Sunday, 1 November 2015

Fynbos Chemotherapy

A death by a thousand cuts – this was the title of a talk given by South African botanist extraordinaire Jan Vlok at a meeting of the Gouritz Cluster Biosphere Reserve meeting some weeks ago. While the protected areas of the Western Cape may look good on paper, the reality in the field is that agricultural land transformation, game fencing, alien vegetation and the many other smaller impacts of human activity on the heartlands of the Cape Floristic Region means that to Jan the regions faces a death by a thousand cuts. To clarify – a death by a thousand cuts definition from Wikipedia.... “Lingchi - the slow process, the lingering death, or slow slicing, was a form of torture and execution used in China from roughly AD 900 until it was banned in 1905. In this form of execution, a knife was used to methodically remove portions of the body over an extended period of time, eventually resulting in death.”

In short, we cannot be complacent about the threats to this very special part of the world. Apart from agricultural land transformation, where land goes under the plow to devastate biodiversity for the sake of monocultural fodder crops on a scale comparable to nuclear holocast, the most insidious threat for whom no-one is accountable is the threat of alien vegetation. In short,

Hakea + Wattle + Pine = terminal cancer of the Fynbos

That was my conclusion a few weeks ago as I pulled out >250 young Hakea plants that all originated from 1 single Hakea bush on the southern slopes of our Kouga mountains. The young Hakea were 3 years old, but already maybe a meter tall on average. The indigenous Protea eximia on the same slope were maybe 30cm. Worse, at least 4 Hakea plants already had seed cones from the previous season, and all were in flower. None of the indigenous protea were close to reproducing. Perhaps one Hakea had died, and maybe 5% had signs of gumosis, the introduced bioagent to control Hakea. Clearly this species is still out competing native vegetation at an alarming rate.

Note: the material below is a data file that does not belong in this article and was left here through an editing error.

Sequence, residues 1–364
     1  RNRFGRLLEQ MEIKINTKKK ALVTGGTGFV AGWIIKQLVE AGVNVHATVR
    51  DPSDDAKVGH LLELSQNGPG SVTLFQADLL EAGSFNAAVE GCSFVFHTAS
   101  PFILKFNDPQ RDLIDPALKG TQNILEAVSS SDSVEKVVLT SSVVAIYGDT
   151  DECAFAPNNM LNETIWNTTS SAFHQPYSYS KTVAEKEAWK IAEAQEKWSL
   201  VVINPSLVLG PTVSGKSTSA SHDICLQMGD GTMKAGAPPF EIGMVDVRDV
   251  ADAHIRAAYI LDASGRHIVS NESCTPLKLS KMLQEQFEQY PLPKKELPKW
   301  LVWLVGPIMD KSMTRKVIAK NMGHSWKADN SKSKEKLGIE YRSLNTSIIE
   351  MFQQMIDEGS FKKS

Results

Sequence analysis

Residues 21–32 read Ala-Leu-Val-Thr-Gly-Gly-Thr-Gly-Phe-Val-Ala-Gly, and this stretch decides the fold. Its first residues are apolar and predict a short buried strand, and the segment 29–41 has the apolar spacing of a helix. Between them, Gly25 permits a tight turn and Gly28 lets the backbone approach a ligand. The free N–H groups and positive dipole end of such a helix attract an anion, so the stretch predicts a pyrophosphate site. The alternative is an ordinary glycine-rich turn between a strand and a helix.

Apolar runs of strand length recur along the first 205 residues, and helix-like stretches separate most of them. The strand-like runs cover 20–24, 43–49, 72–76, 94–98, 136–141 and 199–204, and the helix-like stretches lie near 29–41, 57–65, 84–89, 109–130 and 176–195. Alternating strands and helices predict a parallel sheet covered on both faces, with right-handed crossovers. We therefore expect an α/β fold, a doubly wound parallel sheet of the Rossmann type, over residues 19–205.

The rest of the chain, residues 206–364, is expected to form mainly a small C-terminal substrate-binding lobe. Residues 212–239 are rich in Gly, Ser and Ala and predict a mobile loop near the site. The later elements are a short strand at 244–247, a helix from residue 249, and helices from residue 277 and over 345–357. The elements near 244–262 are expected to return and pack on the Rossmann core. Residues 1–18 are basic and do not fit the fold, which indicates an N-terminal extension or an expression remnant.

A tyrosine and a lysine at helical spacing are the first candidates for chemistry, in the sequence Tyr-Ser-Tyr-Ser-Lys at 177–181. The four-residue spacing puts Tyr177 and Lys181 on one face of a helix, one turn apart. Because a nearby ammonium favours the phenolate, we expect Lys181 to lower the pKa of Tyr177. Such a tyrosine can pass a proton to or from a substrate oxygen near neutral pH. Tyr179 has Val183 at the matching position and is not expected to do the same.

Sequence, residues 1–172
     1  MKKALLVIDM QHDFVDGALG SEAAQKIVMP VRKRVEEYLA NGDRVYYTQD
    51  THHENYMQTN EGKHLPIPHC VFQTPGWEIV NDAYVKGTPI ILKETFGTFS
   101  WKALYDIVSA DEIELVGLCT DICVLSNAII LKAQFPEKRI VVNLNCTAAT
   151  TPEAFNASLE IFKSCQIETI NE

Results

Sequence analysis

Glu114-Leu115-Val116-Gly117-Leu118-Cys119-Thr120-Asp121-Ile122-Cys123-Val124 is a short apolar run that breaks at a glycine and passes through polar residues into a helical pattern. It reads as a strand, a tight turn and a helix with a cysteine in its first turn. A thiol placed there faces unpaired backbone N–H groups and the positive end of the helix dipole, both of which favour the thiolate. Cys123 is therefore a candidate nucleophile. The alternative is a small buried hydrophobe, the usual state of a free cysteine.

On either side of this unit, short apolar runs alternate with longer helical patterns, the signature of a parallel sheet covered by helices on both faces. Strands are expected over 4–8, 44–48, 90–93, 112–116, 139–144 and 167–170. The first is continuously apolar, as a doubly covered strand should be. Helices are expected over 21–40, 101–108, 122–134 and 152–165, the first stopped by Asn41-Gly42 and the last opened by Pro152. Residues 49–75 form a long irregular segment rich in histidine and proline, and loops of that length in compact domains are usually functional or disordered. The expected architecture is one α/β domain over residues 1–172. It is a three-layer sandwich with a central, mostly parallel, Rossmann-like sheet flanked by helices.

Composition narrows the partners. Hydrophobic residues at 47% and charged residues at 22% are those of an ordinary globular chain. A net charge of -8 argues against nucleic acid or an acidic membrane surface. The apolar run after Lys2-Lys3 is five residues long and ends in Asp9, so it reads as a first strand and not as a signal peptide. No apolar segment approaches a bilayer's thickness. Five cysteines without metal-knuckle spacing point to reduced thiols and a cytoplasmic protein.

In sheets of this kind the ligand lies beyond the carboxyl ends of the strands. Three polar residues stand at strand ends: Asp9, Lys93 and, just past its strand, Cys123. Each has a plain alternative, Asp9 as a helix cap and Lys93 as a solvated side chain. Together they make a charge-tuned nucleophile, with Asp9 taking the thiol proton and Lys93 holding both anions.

From the relatively clean Kouga mountains, where we have worked hard for years to remove wattle, pine and hakea, I often gaze to the Tsitsikamma ranges to the south, where pine trees dot the ridges and wattle chokes the streams. The war against wattle and alien vegetation will not be won in my lifetime – but more to the contrary my fear is that it is one that will be lost.

But still we struggle on. In May, together with my neighbour I applied for seed weevil biocontrol agents for the Silver wattle (Acacia dealbata) that infests the streams in our conservancy. Yesterday I obtained these and released these in the stands of wattle that we can no longer afford to clear ourselves. The landowners here have cleared substantial areas already, but follow up is an eternal task – the seed banks are massive. We cleared the adult trees in 2011 and this year 4 years later where we conducted a small burn the seedlings came up like a grassy lawn. With a seedbank that could last 50 years, I will likely be pulling out wattle from our stream beds until the day I die.

Hopefully with the help of the weevils, the task will be easier for future generations.

Thanks to Reley Bell and Herson Amill from Department of Environmental Affairs for supplying the weevils.

The mother load - the single Hakea bush that gave rise to 250 babies. Photo by Craig Turner.

3 Year old Hakea next to me tower over native protea at my foot. Photo by Craig Turner. 
One bottle of weevils vs 1 million wattle seeds. We are expecting some fat weevils in the future

These weevils eat Silver Wattle seeds and nothing else, not even Black Wattle

Little weevil next to a Silver Wattle seed pod. 


  1. when I was a botany student, we were just starting biocontrol for the Australian wattles.
    Now when I see infested wattles, I have some hope for some fynbos.

  2. Go weevil, go!

    I wish I could send you a root jack. You would so love using it.


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